Art The Body As A Tool Of Capitalism
Artperformancevideo art

The Body As A Tool Of Capitalism

Performance artist Kawita Vatanajyankur highlights the criticality of capitalism through her body
Giorgia Massari

Appropriating the typical language of the media, glossy and super-coloured, Thai performance artist Kawita Vatanajyankur creates works that highlight the critical nature of capitalism. A globalised economy that stands on its feet thanks to human exploitation and the inequalities that burden minorities in particular. But not only that, Vatanajyankur tackles political issues that highlight ecological problems and gender issues through disturbing shots, always concealed by the pop aesthetics to which we are accustomed. Industrialisation and mechanisation, as well as artificial intelligence, are also examined by Kawita, who reflects on the transformation of the contemporary body, on the one hand burdened by inhuman working conditions and on the other atrophied and replaced by the machine. Here it is precisely the body that becomes the artist’s main tool, which she uses to interpret the different degrees of violence that today’s society imposes in favour of uncontrolled consumerism. In particular, it is the female gender that is analysed as the main body abused in both the working and domestic environment.

In her works, Vatanajyankur transforms herself into household objects such as vacuum cleaners and toilet brushes, but also into agricultural tools such as scythes and spades. With her latest project, The Machine Ghost in the Human Shell (2024), the artist goes even further, exploring the interaction between humans and artificial intelligence. Connected to electronic muscle stimulators controlled by an advanced AI model, Vatanajyankur allows herself to be transformed into a sort of puppet, controlled not by the human mind but by an artificial intelligence.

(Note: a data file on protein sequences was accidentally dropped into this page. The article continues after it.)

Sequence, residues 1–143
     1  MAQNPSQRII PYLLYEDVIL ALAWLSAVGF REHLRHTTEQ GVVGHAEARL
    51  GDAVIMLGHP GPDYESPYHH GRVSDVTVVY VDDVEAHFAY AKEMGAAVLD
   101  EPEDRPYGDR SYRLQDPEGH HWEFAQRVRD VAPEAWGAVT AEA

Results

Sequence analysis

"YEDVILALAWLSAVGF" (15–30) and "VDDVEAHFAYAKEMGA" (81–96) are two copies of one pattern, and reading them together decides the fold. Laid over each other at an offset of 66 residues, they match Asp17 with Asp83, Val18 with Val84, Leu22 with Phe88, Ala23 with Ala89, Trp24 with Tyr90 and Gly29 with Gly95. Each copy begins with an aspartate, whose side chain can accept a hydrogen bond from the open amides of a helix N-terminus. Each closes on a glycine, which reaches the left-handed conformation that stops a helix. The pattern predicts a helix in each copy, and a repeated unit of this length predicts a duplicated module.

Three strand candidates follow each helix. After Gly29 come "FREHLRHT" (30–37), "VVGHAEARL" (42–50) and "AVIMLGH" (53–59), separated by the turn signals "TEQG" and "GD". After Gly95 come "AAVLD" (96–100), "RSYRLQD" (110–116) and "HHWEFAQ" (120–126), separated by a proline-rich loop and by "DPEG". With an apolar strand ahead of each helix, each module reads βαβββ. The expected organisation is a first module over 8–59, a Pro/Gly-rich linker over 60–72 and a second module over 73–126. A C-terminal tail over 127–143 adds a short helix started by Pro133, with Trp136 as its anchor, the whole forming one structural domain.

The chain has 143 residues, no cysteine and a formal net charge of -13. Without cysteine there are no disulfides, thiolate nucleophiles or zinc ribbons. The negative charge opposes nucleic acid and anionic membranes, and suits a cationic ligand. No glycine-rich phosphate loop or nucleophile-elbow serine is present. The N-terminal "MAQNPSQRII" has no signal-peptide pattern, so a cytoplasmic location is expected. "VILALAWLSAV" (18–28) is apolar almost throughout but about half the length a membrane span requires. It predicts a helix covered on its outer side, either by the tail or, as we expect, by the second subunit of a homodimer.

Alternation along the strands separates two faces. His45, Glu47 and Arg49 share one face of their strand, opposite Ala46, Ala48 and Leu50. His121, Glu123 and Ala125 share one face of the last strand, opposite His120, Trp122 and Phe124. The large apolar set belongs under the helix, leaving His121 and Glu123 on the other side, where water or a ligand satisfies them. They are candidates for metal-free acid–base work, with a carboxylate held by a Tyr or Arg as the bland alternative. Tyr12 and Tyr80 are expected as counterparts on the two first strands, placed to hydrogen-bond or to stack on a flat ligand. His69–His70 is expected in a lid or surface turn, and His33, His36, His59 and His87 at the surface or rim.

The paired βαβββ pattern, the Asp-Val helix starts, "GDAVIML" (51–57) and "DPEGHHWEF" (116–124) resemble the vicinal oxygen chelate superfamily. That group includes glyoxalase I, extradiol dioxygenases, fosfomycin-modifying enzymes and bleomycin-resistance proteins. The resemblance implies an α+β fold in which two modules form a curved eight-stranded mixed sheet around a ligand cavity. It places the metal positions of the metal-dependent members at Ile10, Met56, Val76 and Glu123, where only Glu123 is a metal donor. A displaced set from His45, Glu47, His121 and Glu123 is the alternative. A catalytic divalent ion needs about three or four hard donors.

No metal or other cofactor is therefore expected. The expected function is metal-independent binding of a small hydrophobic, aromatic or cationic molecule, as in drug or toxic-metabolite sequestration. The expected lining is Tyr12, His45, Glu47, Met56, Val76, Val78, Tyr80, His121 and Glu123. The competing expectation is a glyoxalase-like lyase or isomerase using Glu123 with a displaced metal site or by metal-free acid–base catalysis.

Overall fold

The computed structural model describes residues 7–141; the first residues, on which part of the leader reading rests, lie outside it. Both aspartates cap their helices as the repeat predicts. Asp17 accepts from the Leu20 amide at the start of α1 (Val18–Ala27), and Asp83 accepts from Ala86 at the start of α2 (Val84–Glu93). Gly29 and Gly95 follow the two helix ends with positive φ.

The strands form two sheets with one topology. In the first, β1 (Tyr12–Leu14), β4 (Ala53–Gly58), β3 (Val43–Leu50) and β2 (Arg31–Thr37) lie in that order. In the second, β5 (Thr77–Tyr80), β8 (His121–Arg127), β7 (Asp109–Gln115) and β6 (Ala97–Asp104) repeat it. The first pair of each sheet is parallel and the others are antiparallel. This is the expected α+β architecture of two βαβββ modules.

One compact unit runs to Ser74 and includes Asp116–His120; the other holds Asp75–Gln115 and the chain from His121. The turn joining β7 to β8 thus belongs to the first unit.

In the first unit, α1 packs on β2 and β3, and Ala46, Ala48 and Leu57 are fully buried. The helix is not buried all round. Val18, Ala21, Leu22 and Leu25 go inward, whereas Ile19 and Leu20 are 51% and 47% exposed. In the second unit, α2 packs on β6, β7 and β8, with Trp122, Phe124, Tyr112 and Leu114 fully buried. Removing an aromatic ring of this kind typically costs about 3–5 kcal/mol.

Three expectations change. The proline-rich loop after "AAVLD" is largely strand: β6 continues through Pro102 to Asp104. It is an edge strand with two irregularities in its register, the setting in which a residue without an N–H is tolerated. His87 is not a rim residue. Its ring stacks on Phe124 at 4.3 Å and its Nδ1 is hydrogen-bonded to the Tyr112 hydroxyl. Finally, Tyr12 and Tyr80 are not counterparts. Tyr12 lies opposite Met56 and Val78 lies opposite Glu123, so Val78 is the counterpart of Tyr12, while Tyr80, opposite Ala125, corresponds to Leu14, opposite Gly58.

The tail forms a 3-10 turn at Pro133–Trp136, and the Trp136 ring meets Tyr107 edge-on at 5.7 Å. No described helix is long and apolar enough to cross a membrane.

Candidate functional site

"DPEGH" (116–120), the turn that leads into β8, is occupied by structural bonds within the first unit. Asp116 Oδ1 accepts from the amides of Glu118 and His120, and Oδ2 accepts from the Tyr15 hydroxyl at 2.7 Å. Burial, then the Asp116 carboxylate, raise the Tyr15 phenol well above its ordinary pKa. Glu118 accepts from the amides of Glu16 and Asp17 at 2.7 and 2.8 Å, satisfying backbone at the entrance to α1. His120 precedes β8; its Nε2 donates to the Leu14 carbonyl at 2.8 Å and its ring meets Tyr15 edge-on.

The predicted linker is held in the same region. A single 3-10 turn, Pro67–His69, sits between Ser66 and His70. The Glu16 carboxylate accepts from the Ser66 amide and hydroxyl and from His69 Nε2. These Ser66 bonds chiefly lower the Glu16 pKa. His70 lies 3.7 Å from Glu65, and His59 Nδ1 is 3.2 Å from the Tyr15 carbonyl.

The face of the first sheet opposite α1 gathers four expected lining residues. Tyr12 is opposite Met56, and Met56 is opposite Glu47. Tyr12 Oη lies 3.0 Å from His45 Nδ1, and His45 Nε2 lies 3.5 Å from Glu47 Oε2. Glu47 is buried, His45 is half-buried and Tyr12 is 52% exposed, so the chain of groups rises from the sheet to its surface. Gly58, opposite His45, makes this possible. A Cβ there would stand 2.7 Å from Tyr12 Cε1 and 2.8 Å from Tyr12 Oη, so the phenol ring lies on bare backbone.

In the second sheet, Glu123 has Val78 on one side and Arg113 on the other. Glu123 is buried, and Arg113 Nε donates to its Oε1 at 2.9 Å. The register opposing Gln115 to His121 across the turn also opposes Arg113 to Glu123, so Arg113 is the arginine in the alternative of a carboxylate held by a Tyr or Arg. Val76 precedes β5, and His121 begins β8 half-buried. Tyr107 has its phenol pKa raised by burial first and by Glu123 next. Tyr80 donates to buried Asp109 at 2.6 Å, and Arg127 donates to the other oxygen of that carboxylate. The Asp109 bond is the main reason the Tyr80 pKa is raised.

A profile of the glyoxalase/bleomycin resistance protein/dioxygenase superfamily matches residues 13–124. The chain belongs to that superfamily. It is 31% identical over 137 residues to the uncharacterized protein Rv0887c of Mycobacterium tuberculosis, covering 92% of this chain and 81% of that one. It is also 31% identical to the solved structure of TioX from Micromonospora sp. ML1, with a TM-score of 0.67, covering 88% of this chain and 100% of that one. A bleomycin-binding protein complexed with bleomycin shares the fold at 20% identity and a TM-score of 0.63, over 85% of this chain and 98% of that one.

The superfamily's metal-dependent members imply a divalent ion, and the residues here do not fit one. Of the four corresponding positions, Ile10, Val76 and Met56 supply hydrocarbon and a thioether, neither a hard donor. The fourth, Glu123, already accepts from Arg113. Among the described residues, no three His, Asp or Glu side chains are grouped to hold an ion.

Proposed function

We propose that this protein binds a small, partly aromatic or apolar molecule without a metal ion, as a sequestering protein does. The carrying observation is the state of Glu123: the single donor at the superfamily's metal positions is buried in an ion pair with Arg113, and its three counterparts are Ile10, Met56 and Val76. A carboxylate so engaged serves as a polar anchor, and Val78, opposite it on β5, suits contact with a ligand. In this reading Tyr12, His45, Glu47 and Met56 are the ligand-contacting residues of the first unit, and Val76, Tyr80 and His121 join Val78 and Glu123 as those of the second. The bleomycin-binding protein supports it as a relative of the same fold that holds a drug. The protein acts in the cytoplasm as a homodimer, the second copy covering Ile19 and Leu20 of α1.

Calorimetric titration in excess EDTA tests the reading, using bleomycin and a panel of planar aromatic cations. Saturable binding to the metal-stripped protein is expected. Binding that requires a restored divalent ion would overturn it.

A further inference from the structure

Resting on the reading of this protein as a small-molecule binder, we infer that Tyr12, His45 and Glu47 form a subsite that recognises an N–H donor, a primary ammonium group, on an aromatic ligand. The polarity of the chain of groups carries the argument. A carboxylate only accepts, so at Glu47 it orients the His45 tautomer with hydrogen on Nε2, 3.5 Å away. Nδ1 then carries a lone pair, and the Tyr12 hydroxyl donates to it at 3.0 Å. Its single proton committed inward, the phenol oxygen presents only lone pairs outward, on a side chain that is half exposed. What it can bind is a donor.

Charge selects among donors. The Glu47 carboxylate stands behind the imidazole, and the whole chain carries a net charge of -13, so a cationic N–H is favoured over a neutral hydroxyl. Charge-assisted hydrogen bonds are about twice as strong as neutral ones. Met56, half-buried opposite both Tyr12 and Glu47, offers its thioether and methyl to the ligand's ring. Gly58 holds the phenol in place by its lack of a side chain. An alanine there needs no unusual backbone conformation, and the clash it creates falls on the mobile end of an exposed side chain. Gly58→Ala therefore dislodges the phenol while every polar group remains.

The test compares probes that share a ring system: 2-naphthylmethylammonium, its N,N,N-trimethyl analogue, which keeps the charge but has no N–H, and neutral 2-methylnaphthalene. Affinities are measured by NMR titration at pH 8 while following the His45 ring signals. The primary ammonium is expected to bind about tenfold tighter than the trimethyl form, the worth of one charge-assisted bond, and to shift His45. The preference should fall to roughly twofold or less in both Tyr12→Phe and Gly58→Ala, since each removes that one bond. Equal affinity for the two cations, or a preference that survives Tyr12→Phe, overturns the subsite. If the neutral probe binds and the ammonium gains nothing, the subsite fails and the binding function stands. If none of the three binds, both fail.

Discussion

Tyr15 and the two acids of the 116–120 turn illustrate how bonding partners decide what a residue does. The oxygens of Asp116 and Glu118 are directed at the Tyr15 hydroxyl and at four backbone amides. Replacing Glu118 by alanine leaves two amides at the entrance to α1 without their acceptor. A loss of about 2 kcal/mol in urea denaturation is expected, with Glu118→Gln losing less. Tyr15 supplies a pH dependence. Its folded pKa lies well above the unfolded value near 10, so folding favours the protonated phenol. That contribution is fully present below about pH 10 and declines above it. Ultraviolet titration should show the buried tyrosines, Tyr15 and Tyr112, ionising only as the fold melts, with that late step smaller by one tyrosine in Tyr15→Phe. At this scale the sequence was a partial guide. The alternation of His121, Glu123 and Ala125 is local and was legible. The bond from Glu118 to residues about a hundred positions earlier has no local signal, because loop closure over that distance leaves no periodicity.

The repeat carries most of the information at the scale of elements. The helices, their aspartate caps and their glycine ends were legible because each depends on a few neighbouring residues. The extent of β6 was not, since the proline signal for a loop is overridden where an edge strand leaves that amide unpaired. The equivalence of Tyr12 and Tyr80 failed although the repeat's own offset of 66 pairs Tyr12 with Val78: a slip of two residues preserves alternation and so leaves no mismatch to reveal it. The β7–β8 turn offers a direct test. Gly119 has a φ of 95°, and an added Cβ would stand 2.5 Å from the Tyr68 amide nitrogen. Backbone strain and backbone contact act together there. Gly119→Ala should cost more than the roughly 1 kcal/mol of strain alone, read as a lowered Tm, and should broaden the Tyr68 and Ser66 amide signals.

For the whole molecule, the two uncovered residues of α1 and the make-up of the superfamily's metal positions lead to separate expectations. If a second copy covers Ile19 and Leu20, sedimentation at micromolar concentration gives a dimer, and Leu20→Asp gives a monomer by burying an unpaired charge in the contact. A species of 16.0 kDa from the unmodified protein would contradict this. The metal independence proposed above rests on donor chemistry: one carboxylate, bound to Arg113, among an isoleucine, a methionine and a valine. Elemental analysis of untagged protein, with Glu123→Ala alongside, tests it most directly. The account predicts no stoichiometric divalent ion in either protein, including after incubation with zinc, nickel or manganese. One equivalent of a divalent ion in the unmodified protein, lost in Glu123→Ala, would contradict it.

One of his best-known works, Shuttle (2018), part of the Performing Textiles series, sees the artist take on the role of a shuttle in a loom, embodying both the physical exertion and monotony of textile work. In this performance, Vatanajyankur uses bright, vivid colours that contrast with the harsh reality of the work she represents, creating a powerful visual effect that captures attention and invites reflection.

Kawita Vatanajyankur, Shuttle (foto), 2018, video HD, 3 min 27 sec. Courtesy l’artista e Nova Contemporary, Bangkok

Through her art, Kawita Vatanajyankur forces us to confront the ethical implications of our consumption habits. But not only that, the artist does not stop at analysing the present but also looks to the future by exploring the limits of the human body and mind increasingly tamed by technology. The reflection extends to the effects of technological progress that increasingly alter our identity and autonomy. Everything is made strong and impactful thanks to the colourful aesthetics that immediately attracts attention, while creating a strong contrast between beauty and social criticism.

Courtesy the artist and Nova Contemporary, Bangkok

Artperformancevideo art
Written by Giorgia Massari
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